#2 – Finance is Increasingly Shifting to Fund Sustainability Transition

Levels of financial assets valuation made possible, among others, by the monetary policies of the past decade have reached all-time high levels in many sectors. Recent acquisitions by mainstream rating agencies of extra-financial agencies specializing in non-financial rating, climate risk estimation or big data processing illustrate a growing interest to include extra-financial analysis at large scale from mainstream investors, as does the multiplication of dedicated funds and the shift of an increasingly significant proportion of existing institutional investment vehicles to Green, SRI (Socially Responsible Investment) or ESG labels. In 2010, the UN PRI interested 784 signatories representing USD 22 trillions (tn) of Assets Under Management (AUM). This corresponded to approximately 10% of global capital markets (UN PRI, 2010). In 2019, UNPRI represented close to 2500 signatories and USD 80tn AUM, now corresponding to 25% of global capital markets. This sends a powerful message from mainstream investors to the rest of the market.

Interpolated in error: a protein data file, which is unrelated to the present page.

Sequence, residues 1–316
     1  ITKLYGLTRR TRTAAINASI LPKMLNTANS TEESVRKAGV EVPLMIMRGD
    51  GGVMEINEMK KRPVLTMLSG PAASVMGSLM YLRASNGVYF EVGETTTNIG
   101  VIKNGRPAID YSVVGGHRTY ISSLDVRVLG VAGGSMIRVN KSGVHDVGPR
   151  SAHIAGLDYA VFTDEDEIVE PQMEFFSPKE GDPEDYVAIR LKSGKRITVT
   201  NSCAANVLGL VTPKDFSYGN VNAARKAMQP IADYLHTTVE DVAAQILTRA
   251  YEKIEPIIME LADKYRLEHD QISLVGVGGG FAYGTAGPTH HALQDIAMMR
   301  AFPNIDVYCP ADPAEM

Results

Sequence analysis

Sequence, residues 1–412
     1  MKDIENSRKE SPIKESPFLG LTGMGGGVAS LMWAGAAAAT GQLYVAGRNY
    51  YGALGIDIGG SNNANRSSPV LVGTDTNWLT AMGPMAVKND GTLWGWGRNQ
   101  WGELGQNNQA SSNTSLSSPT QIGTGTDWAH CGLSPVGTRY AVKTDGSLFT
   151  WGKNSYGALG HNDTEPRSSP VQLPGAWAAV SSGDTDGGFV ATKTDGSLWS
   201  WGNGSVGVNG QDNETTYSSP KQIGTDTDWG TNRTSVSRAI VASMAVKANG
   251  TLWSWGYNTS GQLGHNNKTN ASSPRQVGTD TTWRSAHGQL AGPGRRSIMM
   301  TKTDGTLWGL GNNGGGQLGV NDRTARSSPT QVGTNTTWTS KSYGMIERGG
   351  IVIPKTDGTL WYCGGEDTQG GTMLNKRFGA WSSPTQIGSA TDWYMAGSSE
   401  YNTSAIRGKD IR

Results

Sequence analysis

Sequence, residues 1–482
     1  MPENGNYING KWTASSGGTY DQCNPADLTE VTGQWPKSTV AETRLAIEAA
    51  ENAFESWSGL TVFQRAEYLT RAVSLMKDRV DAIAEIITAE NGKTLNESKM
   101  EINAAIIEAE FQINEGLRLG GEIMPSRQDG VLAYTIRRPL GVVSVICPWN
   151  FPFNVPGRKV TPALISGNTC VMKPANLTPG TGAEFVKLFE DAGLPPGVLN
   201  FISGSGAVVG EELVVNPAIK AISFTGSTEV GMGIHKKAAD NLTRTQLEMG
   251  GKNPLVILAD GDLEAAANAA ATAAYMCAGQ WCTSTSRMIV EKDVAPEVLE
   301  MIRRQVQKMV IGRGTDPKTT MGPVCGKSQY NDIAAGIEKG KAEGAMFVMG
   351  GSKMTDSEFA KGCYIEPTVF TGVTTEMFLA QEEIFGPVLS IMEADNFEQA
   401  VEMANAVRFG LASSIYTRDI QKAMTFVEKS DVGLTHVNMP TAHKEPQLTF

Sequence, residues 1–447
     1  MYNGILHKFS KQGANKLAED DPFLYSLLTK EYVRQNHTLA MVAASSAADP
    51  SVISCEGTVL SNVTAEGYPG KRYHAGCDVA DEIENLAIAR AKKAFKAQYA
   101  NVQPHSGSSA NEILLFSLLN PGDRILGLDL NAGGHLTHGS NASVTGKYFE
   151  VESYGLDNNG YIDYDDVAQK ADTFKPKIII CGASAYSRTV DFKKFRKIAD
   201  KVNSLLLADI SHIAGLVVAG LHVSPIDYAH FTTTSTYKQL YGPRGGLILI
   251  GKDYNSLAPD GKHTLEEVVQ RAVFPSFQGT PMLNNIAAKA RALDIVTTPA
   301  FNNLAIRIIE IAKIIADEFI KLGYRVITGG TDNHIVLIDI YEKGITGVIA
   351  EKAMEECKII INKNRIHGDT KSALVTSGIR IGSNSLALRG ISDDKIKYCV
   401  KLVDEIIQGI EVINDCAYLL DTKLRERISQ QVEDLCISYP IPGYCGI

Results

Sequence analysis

These examples demonstrate that the redesign of the risk/return trade-off in the assessment and definition of corporate financial analysis is underway. This recast is directly linked with the redefinition of the role of corporations in society, and in particular of the impact of its activities in the social and environmental fields. This recast is also directly linked with the evolving concept of fiduciary responsibility, for which Boards of Directors are asked to play a more active role guiding strategic protection and valuation of assets given the climate, digital and social transformations at stake.